(UMSP), Ramsey Co. (UMSP), Washington Co. (UMSP).
North America: Reported from “Ontario and New England south to Florida,
and west to Iowa, Kansas, and Texas” (McPherson 1982).
Zicrona caerulea (Linnaeus, 1758) *
Minnesota: Saint Louis Co. (UMSP).
North America: Reported from “Quebec, Hudson Bay, Maine, New Hamp-
shire, and Michigan west to British Columbia, and then south through Idaho,
Utah, and Colorado, New Mexico, Arizona, and California” (McPherson 1982).
PENTATOMIDAE: PENTATOMINAE Leach, 1815
Aelia americana Dallas, 1851
Minnesota: Anoka Co. (UMSP), Clay Co. (NDSU, Rider 2012), Isanti Co.
(UMSP), Polk Co. (NDSU, Rider 2012, UMSP), Pope Co. (UMSP), Red Lake Co.
(UMSP), Roseau Co. (UMSP), Wright Co. (UMSP). Also recorded from Itasca
176 THE GREAT LAKES ENTOMOLOGIST Vol. 47, Nos. 3 - 4
State Park (UMSP), but a specic county could not be determined as the locality
spans multiple counties.
North America: Reported from “British Columbia south to Arizona, east
to Manitoba, Michigan, and Illinois” (McPherson 1982).
Agonoscelis puberula Stål, 1854 *
Minnesota: Anoka/Isanti Co. (UMSP). A single specimen was collected
from an old eld on 16 July 1996 at the Cedar Creek Ecosystem Science Reserve,
University of Minnesota.
North America: Jamaica, Dominican Republic, Mexico and United States
(Arizona, New Mexico and Texas) (Thomas et al. 2003).
Banasa calva (Say, 1832) *
Minnesota: Anoka Co. (UMSP), Goodhue Co. (UMSP), Houston Co.
(UMSP), Ramsey Co. (UMSP).
North America: Reported from “Quebec, Ontario, and New England south
to North Carolina and Georgia, and west to British Columbia, Oregon, Colorado,
and lower California” (McPherson 1982).
Banasa dimidiata (Say, 1832) *
Minnesota: Anoka Co. (UMSP), Becker Co. (DAR, NDSU), Beltrami Co.
(UND), Carlton Co. (UMSP), Clay Co. (NDSU), Cook Co. (UMSP), Goodhue
Co. (UMSP), Hennepin Co. (DAR, UMSP), Houston Co. (UMSP), Isanti Co.
(UMSP), Itasca Co. (DAR), Lake Co. (UMSP), Meeker Co. (UMSP), Morrison
Co. (DAR), Norman Co. (NDSU, UMSP), Ramsey Co. (DAR, UMSP), Red Lake
Co. (UMSP), Rice Co. (UMSP), Saint Louis Co. (UMSP), Stearns Co. (UMSP),
Washington Co. (UMSP), Wright Co. (UMSP). Also recorded from Itasca State
Park and Lake City (UMSP), but a specic county could not be determined as
these localities span multiple counties.
North America: Reported fromQuebec and New England west to the Pacic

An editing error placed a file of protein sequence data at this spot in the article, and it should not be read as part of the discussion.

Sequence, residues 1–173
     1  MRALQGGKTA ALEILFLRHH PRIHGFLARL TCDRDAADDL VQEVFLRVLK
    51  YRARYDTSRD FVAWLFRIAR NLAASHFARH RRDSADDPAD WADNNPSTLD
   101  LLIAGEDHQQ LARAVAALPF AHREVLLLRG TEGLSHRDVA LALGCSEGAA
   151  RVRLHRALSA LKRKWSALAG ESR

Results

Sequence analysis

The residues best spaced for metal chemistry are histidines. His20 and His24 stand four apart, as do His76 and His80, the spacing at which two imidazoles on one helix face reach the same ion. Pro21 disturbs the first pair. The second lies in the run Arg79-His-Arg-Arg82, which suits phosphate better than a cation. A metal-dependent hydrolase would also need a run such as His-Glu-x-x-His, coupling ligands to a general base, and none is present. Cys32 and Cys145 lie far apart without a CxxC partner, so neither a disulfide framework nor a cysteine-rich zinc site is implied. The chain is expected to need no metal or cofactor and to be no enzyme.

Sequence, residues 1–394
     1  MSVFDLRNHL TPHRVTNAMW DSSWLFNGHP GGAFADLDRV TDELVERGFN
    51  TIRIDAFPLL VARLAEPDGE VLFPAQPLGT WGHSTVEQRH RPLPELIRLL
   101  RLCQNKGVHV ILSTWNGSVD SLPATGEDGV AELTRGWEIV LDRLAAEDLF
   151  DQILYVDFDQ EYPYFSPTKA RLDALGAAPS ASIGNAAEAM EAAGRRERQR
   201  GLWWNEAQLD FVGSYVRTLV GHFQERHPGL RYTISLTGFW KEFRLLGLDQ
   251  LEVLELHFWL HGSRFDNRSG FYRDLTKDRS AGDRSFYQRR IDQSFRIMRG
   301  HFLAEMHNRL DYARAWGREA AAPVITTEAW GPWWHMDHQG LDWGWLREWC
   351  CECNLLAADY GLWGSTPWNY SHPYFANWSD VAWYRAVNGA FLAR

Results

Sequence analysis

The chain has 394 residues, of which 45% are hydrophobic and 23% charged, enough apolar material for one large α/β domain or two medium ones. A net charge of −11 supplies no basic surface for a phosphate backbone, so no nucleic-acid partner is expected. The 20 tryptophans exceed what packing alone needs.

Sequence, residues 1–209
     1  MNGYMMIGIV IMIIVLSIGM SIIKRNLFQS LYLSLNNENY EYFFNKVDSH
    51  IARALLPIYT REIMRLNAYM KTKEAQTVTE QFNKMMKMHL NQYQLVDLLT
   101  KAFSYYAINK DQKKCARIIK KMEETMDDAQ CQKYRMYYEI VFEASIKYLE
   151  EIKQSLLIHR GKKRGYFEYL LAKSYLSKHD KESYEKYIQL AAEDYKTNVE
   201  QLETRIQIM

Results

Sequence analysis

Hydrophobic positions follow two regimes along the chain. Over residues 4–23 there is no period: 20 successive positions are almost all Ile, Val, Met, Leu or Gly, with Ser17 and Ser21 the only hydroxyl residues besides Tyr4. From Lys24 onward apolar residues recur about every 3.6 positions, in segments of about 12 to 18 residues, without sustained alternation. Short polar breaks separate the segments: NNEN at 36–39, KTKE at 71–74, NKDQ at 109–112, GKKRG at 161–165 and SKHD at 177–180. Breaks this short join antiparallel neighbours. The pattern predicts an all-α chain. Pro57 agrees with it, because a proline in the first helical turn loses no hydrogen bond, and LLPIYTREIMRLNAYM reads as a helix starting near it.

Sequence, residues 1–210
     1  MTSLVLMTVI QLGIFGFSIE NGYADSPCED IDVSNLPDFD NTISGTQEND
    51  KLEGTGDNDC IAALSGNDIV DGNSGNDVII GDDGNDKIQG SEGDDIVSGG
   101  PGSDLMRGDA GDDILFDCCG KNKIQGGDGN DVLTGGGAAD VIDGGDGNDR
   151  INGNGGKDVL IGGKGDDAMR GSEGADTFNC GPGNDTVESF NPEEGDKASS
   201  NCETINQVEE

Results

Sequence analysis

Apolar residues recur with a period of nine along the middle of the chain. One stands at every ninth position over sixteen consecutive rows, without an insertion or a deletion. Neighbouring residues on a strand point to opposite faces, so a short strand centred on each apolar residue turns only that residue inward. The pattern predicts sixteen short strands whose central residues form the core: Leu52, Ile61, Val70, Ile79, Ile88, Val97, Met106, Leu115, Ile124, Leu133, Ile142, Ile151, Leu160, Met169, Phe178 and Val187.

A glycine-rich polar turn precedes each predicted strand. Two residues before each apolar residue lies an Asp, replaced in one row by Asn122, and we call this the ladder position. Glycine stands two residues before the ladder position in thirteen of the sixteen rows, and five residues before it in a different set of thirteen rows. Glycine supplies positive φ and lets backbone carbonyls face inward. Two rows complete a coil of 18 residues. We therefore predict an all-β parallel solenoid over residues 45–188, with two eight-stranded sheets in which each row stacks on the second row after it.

Coast, and south to Florida, Oklahoma, Texas, and California” (McPherson 1982).
Banasa sordida (Uhler, 1871) *
Minnesota: Dakota Co. (UMSP).
North America: Reported from “Ontario and New England west to Van-
couver Island, and south to Maryland, Virginia, North Carolina, New Mexico,
and California” (McPherson 1982).
Brochymena quadripustulata (Fabricius, 1775)
Minnesota (Lugger 1900, as Brochymena annulata): Anoka Co. (UMSP),
Brown Co. (UMSP), Carver Co. (UMSP), Cass Co. (UMSP), Chisago Co. (UMSP),
Clay Co. (DAR, NDSU, Rider 2012, UMSP), Dakota Co. (UMSP), Fillmore Co.
(UMSP), Hennepin Co. (UMSP), Houston Co. (UMSP), Kandiyohi Co. (UMSP),
Mille Lacs Co. (UMSP), Norman Co. (UMSP), Olmstead Co. (UMSP), Otter Tail
Co. (UMSP), Ramsey Co. (UMSP), Red Lake Co. (UMSP), Scott Co. (UMSP),
Stearns Co. (DAR, NDSU, Rider 2012), Wabasha Co. (UMSP), Washington Co.
(UMSP). Also recorded from Itasca State Park (UMSP) and Lake City (UMSP),
but a specic county could not be determined as these localities span multiple
counties.
North America: Reported from “southern Canada and the continental
United States, from the Atlantic to Pacic coasts, and ranges south into northern
Mexico, but is most common north of 40˚ N” (McPherson 1982).
Chinavia hilaris (Say, 1832)
Minnesota (Lugger, 1900, as Nezara pennsylvanica): Anoka Co. (UMSP),
Becker Co. (DAR, NDSU, Rider 2012), Beltrami Co. (NDSU), Big Stone Co.
(NDSU, Rider 2012), Cass Co. (NDSU), Clay Co. (DAR, NDSU, Rider 2012),
2014 THE GREAT LAKES ENTOMOLOGIST 177
Clearwater Co. (UMSP), Hennepin Co. (UMSP), Houston Co. (UMSP), Isanti Co.
(UMSP), Le Sueur Co. (UMSP), Lyon Co. (UMSP), Martin Co. (UMSP), Norman
Co. (NDSU), Olmstead Co. (UMSP), Otter Tail Co. (Rider 2012, UND), Pipestone
Co. (UMSP), Ramsey Co. (UMSP), Rice Co. (UMSP), Scott Co. (NDSU, Rider
2012), Stearns Co. (DAR, NDSU, Rider 2012), Traverse Co. (UMSP), Waseca
Co. (UMSP), Washington Co. (UMSP), Winona Co. (UMSP).
North America: Reported from “Quebec and New England west through
southern Canada and the northern states to the Pacic Coast, and south and
southwest to Florida, Texas, Arizona, Utah, and California” (McPherson 1982,
as Acrosternum hilare).
Chinavia pensylvanica (Gmelin, 1790)
Minnesota: Houston Co. (UMSP). Lugger (1900) included this species for
Minnesota, but was based on a misidentication (Rider 2012).
North America: Reported from “Quebec and New England west to Iowa
and Minnesota, and south to Georgia, Florida, Missouri, and possibly Kansas”
(McPherson 1982, as Acrosternum pennsylvanicum).
Chlorochroa belfragii (Stål, 1872)
Minnesota: Clay Co. (NDSU, Rider 2012), Kandiyohi Co. (UMSP), Pine
Co. (UMSP).
North America: Reported from “Nebraska, Iowa, Illinois, Virginia, and
Canada” (McPherson 1982, as Rhytidolomia belfragii).
Chlorochroa persimilis Horvath, 1908
Minnesota (Lugger 1900, as Lioderma ligata): Anoka Co. (UMSP), Beltrami